PD-1 explorer and Nobel laureate Tasuku Honjo is demanding a bigger cut of Opdivo revenues collected by Japan’s Ono Pharmaceutical. Takeda reportedly put its Latin American business on the chopping board as it looks to pay down debt after the Shire acquisition. In its latest move to restrict Chinese involvement in U.S. innovations, the U.S. Treasury Department’s Committee on Foreign Investment in the U.S. is forcing China’s iCarbonX to exit its majority stake in PatientsLikeMe. And more.
Tasuku Honjo, who won the Nobel Prize for his identification of PD-1, wants a bigger share of the Opdivo revenue posted by Bristol-Myers Squibb partner Ono Pharmaceutical. Honjo and Ono teamed up on PD-1 drug development back in the early 1990s and jointly filed a patent. Now, the scientist wants to bump his cut to 5% to 10%, arguing that the original 1% doesn’t reflect the value of his contribution.
As it tries to pay down the huge debt it incurred with the Shire buyout, Takeda has invited private equity investors and Brazilian drugmakers to bid for its Latin American business, which could be worth $1 billion, according to sources cited by Reuters. Meanwhile, the Japanese pharma won’t count Shire’s ex-head of R&D among its executive ranks. Andy Busch, who jumped to Shire as chief scientific officer in December 2017, has taken up the chief innovation officer role at Ironwood spinout Cyclerion.
The Trump administration’s crackdown on Chinese investments in cutting-edge U.S. technologies has a new victim. The U.S. government is forcing real-world data collector PatientsLikeMe to find a new buyer for the majority stake held by China-based genomics firm iCarbonX, which was founded by genomicist Jun Wang and is backed by Chinese internet giant Tencent, CNBC reported.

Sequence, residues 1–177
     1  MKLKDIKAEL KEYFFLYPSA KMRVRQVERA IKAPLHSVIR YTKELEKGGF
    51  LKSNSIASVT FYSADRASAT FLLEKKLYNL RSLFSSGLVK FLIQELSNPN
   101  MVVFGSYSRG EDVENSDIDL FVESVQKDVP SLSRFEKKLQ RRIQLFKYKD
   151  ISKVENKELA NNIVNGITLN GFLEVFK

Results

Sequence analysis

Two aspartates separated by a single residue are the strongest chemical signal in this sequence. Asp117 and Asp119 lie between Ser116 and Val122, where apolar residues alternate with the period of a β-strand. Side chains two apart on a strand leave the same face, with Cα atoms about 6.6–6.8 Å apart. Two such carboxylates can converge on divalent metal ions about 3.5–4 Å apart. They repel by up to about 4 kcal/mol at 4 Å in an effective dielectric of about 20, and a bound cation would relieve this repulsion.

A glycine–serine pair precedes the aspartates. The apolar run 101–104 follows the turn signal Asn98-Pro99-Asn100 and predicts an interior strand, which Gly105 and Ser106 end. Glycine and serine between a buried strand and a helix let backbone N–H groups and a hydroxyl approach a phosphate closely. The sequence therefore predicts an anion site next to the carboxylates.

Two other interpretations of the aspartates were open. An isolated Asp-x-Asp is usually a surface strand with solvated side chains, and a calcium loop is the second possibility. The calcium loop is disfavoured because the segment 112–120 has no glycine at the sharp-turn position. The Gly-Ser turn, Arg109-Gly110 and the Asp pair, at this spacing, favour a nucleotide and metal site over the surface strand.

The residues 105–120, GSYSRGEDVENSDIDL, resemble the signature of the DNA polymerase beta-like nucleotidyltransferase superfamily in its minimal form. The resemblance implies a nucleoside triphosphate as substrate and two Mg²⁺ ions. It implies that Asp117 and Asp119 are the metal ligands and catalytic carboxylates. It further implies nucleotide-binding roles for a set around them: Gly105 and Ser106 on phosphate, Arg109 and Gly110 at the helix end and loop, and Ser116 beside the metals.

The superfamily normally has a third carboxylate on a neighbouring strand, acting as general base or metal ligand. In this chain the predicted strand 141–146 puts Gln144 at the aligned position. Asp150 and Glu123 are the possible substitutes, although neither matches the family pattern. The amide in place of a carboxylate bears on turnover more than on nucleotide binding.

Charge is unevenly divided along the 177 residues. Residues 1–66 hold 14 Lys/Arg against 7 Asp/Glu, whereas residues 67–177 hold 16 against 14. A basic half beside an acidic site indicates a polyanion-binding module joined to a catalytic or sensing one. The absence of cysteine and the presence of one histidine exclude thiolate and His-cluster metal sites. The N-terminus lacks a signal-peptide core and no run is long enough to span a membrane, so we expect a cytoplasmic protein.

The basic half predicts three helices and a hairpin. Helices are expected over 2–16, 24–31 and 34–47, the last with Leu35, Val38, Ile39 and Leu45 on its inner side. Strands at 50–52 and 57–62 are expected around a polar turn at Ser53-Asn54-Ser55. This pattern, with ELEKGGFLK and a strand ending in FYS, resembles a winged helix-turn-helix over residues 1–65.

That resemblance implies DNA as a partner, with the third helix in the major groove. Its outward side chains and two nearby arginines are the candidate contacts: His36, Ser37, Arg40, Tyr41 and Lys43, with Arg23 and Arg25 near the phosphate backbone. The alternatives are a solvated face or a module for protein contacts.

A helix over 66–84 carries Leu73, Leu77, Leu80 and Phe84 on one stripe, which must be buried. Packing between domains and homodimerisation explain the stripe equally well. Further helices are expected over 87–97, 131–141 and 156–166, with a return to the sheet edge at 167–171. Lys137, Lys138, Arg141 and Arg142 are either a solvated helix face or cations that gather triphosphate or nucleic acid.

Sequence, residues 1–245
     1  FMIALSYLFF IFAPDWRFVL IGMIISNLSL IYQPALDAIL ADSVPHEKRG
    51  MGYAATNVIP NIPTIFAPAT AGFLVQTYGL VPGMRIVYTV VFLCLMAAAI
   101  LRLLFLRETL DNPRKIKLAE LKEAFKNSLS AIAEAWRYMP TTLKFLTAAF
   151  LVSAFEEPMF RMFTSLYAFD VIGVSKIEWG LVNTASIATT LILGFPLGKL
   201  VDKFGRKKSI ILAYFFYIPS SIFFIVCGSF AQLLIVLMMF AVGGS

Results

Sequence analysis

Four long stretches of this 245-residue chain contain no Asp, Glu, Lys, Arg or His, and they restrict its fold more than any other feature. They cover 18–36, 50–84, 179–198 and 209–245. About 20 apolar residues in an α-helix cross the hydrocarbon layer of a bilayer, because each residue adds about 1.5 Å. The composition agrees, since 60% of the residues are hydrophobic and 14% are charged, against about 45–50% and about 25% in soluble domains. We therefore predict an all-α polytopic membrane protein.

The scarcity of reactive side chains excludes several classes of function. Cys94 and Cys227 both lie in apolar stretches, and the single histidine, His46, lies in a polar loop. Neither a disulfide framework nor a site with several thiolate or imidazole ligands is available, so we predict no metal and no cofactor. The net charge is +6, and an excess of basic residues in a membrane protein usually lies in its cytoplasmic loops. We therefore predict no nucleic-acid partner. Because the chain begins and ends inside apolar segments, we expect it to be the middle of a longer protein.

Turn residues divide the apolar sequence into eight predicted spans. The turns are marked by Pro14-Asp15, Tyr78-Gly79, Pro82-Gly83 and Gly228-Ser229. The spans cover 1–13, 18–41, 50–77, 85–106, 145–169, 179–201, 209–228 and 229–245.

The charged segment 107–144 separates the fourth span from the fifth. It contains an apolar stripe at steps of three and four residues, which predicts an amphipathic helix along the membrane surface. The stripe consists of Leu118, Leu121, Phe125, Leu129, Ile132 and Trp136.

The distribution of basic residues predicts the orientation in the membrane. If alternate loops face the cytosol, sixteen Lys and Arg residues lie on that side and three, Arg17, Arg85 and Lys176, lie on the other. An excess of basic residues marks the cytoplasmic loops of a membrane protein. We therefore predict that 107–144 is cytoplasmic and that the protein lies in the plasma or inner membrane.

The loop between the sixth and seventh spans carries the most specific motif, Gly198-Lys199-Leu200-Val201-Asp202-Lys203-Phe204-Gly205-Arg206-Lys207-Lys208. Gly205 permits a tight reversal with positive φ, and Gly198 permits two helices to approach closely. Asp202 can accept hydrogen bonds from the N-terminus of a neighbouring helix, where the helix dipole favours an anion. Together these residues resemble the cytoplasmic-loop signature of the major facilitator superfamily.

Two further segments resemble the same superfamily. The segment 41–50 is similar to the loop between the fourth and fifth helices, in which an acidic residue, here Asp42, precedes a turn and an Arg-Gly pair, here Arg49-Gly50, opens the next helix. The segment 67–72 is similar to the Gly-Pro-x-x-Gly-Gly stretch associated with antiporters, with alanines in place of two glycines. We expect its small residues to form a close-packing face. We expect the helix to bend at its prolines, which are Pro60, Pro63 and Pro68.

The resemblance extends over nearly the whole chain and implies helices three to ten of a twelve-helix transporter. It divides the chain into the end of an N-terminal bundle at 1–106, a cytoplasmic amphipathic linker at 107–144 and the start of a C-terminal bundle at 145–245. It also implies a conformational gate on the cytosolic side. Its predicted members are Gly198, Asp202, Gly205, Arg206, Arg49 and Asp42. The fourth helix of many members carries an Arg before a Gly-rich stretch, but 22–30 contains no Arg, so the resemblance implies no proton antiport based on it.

WuXi AppTec named Frederick Hausheer, M.D., as its new chief medical officer to lead the CRO’s clinical operations. He brings more than 30 years’ experience in global oncology drug development as well as translational science in both biopharma and academic settings. WuXi is hoping his knowledge could help with the seamless integration from preclinical to first-in-human studies.
Aurobindo may have become the second-largest generics players in the U.S. after buying a suite of Sandoz products, but its manufacturing problems aren’t going away. The FDA dispatched a Form 483 to Aurobindo’s Telangana plant with nearly a dozen observations under one overriding issue: The plant’s quality control unit doesn’t seem to know what it’s doing.
The FDA has made a list of 40 “sartan” heart drugs that don’t contain the three potentially cancer-causing compounds that have led to a global recall. Products from Daiichi Sankyo, Torrent Pharma, Sun Pharma, Aurobindo Pharma, Lupin, Glenmark, China’s Hisun Pharma and others are among those cleared.
In a deal that could be worth $125 million, cancer-focused Shanghai Miracogen is licensing Synaffix’s antibody-drug conjugate platforms, GlycoConnect and HydraSpace, to help bring its drug candidate into the clinic. Synaffix says its technologies can improve an ADC’s properties such as solubility and stability.
Catalent has cut the ribbon on a new 30,000-square-foot clinical supply facility outside the free trade zone in Shanghai. The facility, which will employ up to 100 workers, will offer supply, secondary packaging, clinical storage and local distribution services, as well as clinical returns and destruction work, the company said.